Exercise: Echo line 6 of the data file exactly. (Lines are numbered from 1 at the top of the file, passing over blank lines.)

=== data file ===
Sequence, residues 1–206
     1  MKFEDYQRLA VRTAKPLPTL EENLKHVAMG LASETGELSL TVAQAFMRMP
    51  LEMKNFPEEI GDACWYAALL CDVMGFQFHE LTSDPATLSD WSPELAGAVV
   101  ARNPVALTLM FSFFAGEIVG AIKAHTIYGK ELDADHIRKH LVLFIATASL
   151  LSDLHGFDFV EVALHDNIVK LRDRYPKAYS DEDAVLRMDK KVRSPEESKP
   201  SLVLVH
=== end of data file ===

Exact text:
   201  SLVLVH